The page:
From gulf to gulf: Sharing lessons on coastal wetlands between Thailand and Myanmar

In June 2016, IUCN organised an exposure visit for nine Myanmar government officials including four ministers from Mon State and Bago Region and one from the Nature and Wildlife Conservation Division in Nay Pyi Taw to the Gulf of Thailand. The purpose of the visit was to let these officials see first-hand how coastal wetlands can be effectively managed through joint community-government action. 

Myanmar visitors at Khok Kham Environmental Conservation Center, Samut Sakhon © Bampen Chaiyarak

The visit was organized by the Swiss Agency for Development and Cooperation-funded Community Led Coastal Management in the Gulf of Mottama project, a long-term initiative jointly implemented by Helvetas, NAG and IUCN to restore fisheries and support livelihoods through improved management of the natural resources of the Gulf of Mottama.

To strengthen management in line with the Ramsar Convention's wise use principles, the project is supporting the Mon State and Bago Region governments to nominate part of the Gulf of Mottama as a Ramsar site.

Lessons from the inner Gulf of Thailand

The journey began at Khok Kham Environmental Conservation Center in Samut Sakhon Province, located 50 km from Bangkok. Khok Kham produces a lot of salt and seafood and its natural resources have been threatened since the 1990s when fishers began using advanced fishing technology. About 13 years ago, a few local activists established the Khok Kham Bird Observation and Natural Resources Conservation Group, which has now grown to include 200 members who work to conserve the natural environment.

The team then learnt about a community-led mangrove restoration initiative in Bang Kaew in Samut Songkhram Province, aimed at protecting against the effects of coastal erosion. Around 80% of the local population are fishers and they have had to move repeatedly because of loss of land. The initiative was led by a community leader who was passionate about restoring mangroves and who mobilised the population to help him.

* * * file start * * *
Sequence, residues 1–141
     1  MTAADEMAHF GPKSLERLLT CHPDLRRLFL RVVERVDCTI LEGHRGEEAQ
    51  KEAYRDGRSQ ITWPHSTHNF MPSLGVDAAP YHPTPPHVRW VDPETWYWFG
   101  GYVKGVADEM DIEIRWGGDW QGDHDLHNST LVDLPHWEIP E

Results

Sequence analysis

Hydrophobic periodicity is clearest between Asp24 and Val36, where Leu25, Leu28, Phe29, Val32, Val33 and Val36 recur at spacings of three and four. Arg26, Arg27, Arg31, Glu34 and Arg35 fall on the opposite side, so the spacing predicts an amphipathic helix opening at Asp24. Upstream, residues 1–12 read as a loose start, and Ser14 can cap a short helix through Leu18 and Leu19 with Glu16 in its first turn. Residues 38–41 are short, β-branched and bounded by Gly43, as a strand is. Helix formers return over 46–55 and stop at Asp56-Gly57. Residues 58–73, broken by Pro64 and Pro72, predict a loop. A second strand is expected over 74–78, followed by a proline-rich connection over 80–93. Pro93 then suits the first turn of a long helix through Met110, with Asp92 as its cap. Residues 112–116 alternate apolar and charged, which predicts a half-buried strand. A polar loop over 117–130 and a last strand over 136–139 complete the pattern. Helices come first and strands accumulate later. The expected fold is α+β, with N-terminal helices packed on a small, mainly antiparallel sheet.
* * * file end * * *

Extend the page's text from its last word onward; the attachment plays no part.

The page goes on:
Local knowledge in the Mae Klong Delta

On the second day, the team visited Mae Klong Delta in Samut Songkhram where Mr Surajit Chirawate, a former senator in Thailand, explained the importance of incorporating indigenous knowledge in management programs.

“In the past 60 years, Thailand focused on economic growth as their National Economic and Social Development Plan was geared towards increasing production. As construction grew, the number of water channels decreased drastically. With the rise of buildings and economic development, came increased flooding resulting in annual income loss,” said Mr Chirawate.

According to local knowledge, fishing seasons, fishing grounds and fishing gear all depend on the tide, wind, and other indicators such as the sun and the moon. Government policies should take this knowledge into account.

From Don Hoi Lot Ramsar site to Pred Nai in Trat Province

The team then visited Don Hoi Lot Ramsar site where they met local managers and village leaders to discuss public participation in conservation and restoration. In Bangkok, they met officials from the Office of Natural Resources & Environmental Policy and Planning, the national Ramsar authority, and the Department of Marine and Coastal Resources and learned that Thailand has 14 designated Ramsar sites. Myanmar has two.

 

Don Hoi Lot Ramsar site, Samut Songkhram © Bampen Chaiyarak

They then visited a case of community-based mangrove conservation and management in Pred Nai in Trat Province, where in the 1980s and '90s the local people fought successfully against land confiscation and mangrove destruction by charcoal producers and shrimp farmers. Finally, in Bang Chan in Chanthaburi Province, the visitors met local people living inside the mangrove forest who were farming high value shrimp, crabs, and sea bass in ponds that include large areas of mangrove and are connected to daily tidal flows. This 'mangrove polyculture' is diverse and resilient.

Key lessons for the Gulf of Mottoma

Among key findings from the exposure visit, the ministers concluded that economic development is more than just setting up industrial zones. It also needs to build on and care for the natural environment in ways that meet basic human needs. Myanmar’s approach to natural resource management and conservation, including Ramsar site designation, should engage local leaders who advocate on behalf of the community and strengthen local civil society organisations (CSOs). Creating a network of CSOs can accelerate better natural resource management.

Shortly after returning to Myanmar, the ministers organised a follow-up workshop in Bago Region to discuss how to translate these findings into action in the Gulf of Mottoma.

 

 

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